A young Bangladeshi returnee from Canada dies for negligence at DMCH
11:14 PM, March 15, 2020 / LAST MODIFIED: 01:45 PM, March 16, 2020

Panic over coronavirus led to negligence, death: family of patient alleges

A young Bangladeshi returnee from Canada, whose final hours were allegedly a blur of negligence of Dhaka Medical College Hospital (DMCH) doctors, died due to gastrointestinal complications on Saturday noon.

The doctors' inattention stemmed from their suspicion that the patient had coronavirus, claimed members of her family.

As DMCH is not equipped to test patients for coronavirus and the medical staff did not have protective suits, they allegedly refused to approach the patient until it was too late.

Nazma Amin, 24, was an undergraduate student studying in the business school of the University of Regina in Canada's Saskatchewan.

She flew back to Dhaka last Monday and started complaining of stomach aches.

Her family members said she was not able to eat at all -- every time she tried to eat, she was either nauseated or had terrible stomach aches.

On Friday night, her family took her to a hospital near their home in Mohammadpur.

"The hospital authorities said she needed to be kept in an intensive care unit (ICU) and must be transferred immediately. This was very late into the night," said Nazma's father Amin Ullah, who added that they could not find a hospital with an ICU bed to spare.

They then took her to DMCH.

She was admitted to a ward and given intravenous saline, oxygen support and medication, Amin Ullah said, adding, "Her pain had subsided a little as well."

But then the nurses' shift changed at 8:00am and a new batch of nurses came in.

Around 11:30am, one of the nurses asked Amin what happened to Nazma.

While describing the symptoms, Amin mentioned that the girl recently flew in from Canada, he said.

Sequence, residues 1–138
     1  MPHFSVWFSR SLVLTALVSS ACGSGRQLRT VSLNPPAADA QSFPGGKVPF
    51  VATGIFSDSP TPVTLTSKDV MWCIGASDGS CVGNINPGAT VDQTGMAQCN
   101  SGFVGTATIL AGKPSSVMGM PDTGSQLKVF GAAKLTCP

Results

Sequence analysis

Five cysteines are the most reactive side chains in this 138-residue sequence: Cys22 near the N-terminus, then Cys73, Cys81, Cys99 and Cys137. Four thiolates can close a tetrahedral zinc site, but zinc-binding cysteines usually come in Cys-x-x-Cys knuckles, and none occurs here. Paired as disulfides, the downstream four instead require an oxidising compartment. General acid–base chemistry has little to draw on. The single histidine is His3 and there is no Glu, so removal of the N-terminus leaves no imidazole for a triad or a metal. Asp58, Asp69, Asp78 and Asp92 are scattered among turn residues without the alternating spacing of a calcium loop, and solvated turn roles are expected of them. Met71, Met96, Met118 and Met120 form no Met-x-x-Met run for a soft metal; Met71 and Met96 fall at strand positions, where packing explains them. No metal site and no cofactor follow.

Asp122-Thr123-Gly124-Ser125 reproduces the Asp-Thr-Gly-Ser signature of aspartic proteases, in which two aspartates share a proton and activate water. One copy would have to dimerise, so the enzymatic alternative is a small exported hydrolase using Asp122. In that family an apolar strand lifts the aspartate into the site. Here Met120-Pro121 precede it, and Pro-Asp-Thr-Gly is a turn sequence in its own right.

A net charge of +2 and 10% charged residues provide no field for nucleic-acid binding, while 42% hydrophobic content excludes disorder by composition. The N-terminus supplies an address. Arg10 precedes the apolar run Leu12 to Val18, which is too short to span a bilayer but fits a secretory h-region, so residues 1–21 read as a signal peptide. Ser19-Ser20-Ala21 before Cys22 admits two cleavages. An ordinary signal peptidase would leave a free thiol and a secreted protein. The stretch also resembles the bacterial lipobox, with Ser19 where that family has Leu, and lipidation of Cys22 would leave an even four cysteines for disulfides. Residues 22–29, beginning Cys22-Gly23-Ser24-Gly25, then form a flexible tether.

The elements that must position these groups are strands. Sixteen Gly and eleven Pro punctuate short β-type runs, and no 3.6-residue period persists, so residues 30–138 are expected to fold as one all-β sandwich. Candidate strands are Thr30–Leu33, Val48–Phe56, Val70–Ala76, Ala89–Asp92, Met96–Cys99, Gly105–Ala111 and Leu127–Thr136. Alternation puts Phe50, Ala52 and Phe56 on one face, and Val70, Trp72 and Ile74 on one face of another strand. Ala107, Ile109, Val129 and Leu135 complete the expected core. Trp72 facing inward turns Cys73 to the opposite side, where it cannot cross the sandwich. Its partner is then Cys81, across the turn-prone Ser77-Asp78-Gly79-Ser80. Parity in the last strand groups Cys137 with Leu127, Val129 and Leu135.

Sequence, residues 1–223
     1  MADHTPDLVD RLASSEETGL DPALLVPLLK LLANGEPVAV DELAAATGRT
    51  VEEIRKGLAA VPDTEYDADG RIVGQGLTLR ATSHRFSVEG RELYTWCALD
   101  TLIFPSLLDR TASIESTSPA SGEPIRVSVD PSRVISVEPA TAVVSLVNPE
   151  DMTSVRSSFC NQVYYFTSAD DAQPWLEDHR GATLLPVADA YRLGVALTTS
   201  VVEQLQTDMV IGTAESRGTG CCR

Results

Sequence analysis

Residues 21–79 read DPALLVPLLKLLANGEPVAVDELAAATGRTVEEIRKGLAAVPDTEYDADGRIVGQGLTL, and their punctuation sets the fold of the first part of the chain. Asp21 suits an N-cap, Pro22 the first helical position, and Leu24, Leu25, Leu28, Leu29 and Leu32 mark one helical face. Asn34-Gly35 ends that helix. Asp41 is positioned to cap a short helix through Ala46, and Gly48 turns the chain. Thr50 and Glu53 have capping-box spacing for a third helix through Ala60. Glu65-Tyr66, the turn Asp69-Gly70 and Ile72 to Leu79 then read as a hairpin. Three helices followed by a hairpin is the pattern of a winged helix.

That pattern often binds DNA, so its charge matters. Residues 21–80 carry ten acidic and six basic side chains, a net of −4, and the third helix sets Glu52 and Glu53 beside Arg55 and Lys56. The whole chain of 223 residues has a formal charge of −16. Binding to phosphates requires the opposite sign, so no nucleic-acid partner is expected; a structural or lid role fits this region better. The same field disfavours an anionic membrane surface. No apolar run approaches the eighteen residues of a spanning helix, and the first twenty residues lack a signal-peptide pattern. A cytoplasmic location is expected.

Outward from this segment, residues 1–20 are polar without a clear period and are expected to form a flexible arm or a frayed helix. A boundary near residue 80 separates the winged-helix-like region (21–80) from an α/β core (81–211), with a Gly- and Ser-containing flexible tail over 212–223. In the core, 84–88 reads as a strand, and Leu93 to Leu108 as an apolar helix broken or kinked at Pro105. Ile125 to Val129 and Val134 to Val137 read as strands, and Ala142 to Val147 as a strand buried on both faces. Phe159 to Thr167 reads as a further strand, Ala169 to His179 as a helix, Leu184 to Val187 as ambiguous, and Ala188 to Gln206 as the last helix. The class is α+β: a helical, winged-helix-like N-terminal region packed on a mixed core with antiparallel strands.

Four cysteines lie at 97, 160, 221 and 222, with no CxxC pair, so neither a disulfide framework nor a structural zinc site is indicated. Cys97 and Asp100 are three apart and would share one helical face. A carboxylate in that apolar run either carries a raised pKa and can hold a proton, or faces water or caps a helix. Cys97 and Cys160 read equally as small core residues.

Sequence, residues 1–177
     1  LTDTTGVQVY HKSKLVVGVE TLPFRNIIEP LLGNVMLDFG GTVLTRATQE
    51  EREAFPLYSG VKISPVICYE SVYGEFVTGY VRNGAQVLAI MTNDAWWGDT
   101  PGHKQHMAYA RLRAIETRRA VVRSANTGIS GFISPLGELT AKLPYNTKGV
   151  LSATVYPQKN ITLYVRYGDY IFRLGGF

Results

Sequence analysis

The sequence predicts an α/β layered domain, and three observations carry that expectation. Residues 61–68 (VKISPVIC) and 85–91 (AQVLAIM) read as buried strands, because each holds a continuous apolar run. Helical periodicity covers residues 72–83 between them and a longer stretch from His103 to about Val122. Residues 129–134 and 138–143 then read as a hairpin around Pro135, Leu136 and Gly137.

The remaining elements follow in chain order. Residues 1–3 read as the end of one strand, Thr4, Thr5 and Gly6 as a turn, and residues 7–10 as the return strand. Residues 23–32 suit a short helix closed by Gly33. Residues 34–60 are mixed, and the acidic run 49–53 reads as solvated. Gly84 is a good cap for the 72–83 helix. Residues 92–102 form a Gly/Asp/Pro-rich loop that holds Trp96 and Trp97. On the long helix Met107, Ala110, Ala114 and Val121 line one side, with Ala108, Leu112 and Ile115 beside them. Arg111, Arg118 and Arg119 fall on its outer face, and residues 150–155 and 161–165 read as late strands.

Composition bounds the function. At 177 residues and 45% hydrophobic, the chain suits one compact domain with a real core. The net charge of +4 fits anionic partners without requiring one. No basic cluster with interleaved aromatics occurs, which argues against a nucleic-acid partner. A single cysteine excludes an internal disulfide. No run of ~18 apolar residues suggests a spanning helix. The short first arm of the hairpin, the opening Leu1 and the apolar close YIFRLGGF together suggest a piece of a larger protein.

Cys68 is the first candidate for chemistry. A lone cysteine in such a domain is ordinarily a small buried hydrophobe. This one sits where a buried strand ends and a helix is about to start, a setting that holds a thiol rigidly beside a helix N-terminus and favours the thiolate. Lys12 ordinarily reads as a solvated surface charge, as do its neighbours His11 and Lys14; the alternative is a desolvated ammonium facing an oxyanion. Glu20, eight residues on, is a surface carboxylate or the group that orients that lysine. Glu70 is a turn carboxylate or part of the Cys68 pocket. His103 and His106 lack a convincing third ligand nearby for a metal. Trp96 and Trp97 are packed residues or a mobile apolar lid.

This apparently simple information turned the situation deadly for Nazma.

At the mention of Canada, the nurses began screaming, "She's from Canada! She also has a fever!" They ran to the doctors to announce that the girl has coronavirus, Amin Ullah said.

The whole ward fell into chaos and all the doctors and nurses left it or slipped into their offices, refusing to come near the girl.

The Daily Star correspondent visited the ward where the girl breathed her last and spoke to some of the staff members there.

"When the staff heard that a coronavirus patient entered the ward, everyone panicked. I was there too. I felt like my world has come to an end. What if the girl has infected me and I infect my family? So, I ran out of the ward," a ward boy said.

A nurse said, "Look, everyone fears for their lives. Even nurses."

Dr ABM Jamal, professor at the department of surgery, said, "When it was first revealed that the girl was a Canada-returnee, the ward fell into panic," He, however, added that the situation normalised soon after.

"The staffers did not have protective gear and were concerned that they may have been exposed to a coronavirus patient for hours," said Director of DMCH Brig Gen AKM Nasir Uddin. They also did not have any coronavirus testing kits and could not even confirm whether she had the virus or not.

"We had to call representatives from the Institute of Epidemiology Disease Control and Research to come in and check if she had coronavirus or not," he said. He added that they dealt with the situation with utmost urgency.

She tested negative for coronavirus, but by then over an hour had gone by with no monitoring and the patient's condition had deteriorated.

Around 12:30pm, a doctor stepped forward, put on gloves, wore a mask, and approached the patient. He had a syringe containing an antibiotic, hospital sources said.

It was still too late. Soon after the antibiotic was administered, Nazma died.

Dr ABM Jamal said, "We are suspecting that she had intestinal perforation, meaning there was a rupture somewhere in her intestine.

"When she was admitted, she lost a lot of body fluid and had hypovolemic shock."

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